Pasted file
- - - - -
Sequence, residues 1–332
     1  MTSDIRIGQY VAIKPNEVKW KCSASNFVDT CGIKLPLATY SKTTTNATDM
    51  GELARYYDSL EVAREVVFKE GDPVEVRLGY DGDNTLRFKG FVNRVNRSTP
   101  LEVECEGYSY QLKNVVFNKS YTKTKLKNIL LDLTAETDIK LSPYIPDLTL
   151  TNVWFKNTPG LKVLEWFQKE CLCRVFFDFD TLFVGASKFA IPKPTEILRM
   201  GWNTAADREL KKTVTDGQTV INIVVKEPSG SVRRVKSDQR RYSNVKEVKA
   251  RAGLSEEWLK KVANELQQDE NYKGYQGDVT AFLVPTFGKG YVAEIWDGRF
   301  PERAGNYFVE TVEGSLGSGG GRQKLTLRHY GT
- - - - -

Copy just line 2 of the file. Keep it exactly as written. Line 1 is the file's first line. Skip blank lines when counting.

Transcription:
     1  MTSDIRIGQY VAIKPNEVKW KCSASNFVDT CGIKLPLATY SKTTTNATDM